“The South Pole is in a disastrous situation and melting fast due to the rapid increase in temperatures,” says Awasthee, who witnessed melting icebergs and the impact of climate change firsthand on her expedition.
Awasthee first got involved in environmental issues when she saw a competition run by the Energy and Resources Institute. The task was to make a short film answering two separate questions on how to raise awareness around the benefits of recycling in India and how to help save Antarctica.
“I strongly believe today’s youth is tomorrow’s future,” says the climate activist.
She won the competition and created a “recycling army,” recruiting people in the city of Pune to learn about the importance of recycling.
“A school competition turned into a real passion quickly,” Awasthee says. While in Denmark completing her studies, she became aware of how the Danish government was working to improve sustainability in the country, which further fueled her interest.
The part-time model, based in Pune, works with eco-friendly and sustainable brands across the country, and in 2019 was awarded the prestigious Karmaveer Chakra Award for her environmental efforts
“I think youth advocacy is instrumental in building reforms and is a step towards bringing change,” she asserts. The 23-year-old has visited Antarctica twice and was selected as Miss Tourism Metropolitan India in 2019.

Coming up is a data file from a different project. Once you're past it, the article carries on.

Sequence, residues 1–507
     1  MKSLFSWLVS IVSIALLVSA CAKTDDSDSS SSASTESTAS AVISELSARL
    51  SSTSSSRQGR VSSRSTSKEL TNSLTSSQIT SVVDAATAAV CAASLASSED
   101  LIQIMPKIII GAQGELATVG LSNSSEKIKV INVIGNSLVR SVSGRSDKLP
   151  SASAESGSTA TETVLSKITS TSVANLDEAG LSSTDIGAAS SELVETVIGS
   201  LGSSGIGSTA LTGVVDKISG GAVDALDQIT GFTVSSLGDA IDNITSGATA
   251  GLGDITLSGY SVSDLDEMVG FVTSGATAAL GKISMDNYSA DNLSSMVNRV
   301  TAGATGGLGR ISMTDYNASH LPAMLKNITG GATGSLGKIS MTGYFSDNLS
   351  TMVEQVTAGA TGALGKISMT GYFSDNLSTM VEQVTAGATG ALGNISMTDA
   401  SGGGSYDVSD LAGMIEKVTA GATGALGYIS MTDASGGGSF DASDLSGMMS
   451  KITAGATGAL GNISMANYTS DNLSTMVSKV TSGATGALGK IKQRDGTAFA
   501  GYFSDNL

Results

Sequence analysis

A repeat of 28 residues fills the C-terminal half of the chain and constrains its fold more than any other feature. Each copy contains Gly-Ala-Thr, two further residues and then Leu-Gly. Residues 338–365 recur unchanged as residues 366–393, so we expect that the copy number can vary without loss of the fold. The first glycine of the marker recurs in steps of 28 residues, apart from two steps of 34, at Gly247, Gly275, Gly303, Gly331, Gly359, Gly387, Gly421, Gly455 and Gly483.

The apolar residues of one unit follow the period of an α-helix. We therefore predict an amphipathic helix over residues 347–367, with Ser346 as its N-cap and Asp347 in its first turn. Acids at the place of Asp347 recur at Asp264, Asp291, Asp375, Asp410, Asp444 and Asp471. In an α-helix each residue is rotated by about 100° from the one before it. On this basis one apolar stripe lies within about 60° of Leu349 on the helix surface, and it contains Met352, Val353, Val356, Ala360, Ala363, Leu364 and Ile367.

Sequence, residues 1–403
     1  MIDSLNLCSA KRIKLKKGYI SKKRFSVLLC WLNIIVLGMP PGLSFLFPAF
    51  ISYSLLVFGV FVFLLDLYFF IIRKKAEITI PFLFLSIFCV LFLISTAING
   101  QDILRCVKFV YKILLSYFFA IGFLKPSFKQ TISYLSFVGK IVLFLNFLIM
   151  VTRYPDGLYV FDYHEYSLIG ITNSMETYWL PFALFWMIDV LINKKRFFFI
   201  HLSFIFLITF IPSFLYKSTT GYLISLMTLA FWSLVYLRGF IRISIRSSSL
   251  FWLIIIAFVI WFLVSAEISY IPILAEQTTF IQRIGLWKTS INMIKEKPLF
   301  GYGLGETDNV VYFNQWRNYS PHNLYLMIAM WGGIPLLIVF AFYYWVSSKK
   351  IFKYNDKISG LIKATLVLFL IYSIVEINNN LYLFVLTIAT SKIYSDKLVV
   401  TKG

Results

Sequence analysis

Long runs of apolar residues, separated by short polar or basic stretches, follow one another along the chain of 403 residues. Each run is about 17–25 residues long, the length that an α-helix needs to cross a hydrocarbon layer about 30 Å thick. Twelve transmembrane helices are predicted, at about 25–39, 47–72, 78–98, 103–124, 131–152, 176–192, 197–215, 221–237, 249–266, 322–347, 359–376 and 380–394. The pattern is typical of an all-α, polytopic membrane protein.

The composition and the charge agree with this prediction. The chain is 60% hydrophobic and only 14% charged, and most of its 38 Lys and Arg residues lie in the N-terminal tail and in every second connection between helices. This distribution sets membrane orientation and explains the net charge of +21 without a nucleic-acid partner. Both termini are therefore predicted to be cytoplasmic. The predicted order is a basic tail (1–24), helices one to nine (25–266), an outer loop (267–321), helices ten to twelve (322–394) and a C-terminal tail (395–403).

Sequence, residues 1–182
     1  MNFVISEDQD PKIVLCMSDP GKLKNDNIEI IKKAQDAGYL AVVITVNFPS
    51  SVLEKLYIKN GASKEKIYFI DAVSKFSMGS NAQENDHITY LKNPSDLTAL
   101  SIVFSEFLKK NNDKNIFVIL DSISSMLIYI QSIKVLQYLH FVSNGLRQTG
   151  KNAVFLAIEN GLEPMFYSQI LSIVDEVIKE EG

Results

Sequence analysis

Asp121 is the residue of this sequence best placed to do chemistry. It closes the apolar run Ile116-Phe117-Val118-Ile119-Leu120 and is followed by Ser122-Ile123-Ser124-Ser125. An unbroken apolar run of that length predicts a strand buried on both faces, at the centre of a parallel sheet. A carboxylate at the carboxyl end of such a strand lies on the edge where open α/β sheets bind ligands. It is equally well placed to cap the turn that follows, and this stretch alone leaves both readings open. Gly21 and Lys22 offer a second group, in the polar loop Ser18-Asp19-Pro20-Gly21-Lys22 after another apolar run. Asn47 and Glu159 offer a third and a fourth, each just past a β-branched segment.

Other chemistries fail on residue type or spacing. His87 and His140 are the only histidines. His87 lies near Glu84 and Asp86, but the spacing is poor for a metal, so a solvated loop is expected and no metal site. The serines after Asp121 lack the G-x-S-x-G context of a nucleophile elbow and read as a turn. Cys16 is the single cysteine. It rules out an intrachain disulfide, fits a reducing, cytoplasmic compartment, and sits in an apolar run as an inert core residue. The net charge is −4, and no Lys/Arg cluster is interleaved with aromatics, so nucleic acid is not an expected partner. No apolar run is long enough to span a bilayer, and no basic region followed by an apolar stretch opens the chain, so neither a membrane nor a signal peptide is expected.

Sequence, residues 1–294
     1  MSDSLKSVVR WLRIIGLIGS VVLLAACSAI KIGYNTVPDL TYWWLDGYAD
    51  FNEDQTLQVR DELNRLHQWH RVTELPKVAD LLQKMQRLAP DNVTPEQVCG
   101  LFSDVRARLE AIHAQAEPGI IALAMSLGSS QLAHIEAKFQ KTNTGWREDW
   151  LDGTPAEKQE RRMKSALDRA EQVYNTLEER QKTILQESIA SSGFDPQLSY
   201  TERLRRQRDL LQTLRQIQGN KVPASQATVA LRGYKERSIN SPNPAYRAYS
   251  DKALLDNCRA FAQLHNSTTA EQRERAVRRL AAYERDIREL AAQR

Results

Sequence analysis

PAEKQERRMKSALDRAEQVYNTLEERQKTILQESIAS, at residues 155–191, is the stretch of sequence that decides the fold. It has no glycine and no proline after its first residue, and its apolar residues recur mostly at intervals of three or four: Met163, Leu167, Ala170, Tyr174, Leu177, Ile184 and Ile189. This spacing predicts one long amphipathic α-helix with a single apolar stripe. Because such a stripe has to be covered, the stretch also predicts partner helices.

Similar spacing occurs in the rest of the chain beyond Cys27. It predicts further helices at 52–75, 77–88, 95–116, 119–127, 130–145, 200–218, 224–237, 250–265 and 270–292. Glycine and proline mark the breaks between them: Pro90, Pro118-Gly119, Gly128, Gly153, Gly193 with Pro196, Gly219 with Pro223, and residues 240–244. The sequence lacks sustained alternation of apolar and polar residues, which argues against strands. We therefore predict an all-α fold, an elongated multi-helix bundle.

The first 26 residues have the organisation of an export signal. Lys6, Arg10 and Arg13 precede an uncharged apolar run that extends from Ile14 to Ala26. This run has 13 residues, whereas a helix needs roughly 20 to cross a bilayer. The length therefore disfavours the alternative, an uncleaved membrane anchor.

“As much as climate activism makes you believe in your cause even more, it teaches you immense patience and commitment,” Awasthee says. “It also has an extraordinary potential to transform communities.”
Mayumi Sato (Japan)
The Yokohama-born climate activist has worked across Southeast Asia, focusing on the social impacts of deforestation, landscape restoration and climate mitigation. Through working with Shan migrant workers and refugees from Myanmar who had fled to northern Thailand, she learned of the forced exodus of their communities.
“It was often due to the fact that the lands on which they live have rich natural resources that the government wants to extract,” she says.
The 26-year-old, who starts her Ph.D. studies in sociology as a Gates Scholar at the University of Cambridge later this year, formerly worked as a research associate at the Center for People and Forests, an international nonprofit organization in Bangkok.
She worked with government ministries, local women’s groups and wood and furniture associations to understand the different perspectives on how climate change and policies affect different community livelihoods.
“We know that globally, women and girls are more vulnerable to the impacts of climate change due to societal and cultural norms that often make them more reliant users of natural resources like water and forest products,” she says.
“I hope through progressive young voices, we can start to raise some of the interlinkages between existing social and political problems in Japan today with the climate crisis.”
Sato has recently been involved with the Youth Landscapes Initiative, a global movement of young environmentalists and climate activists working for landscape restoration and justice around the world. As well as research, she writes for the Global Landscapes Forum and has set up her own organization called the Solidarity Library.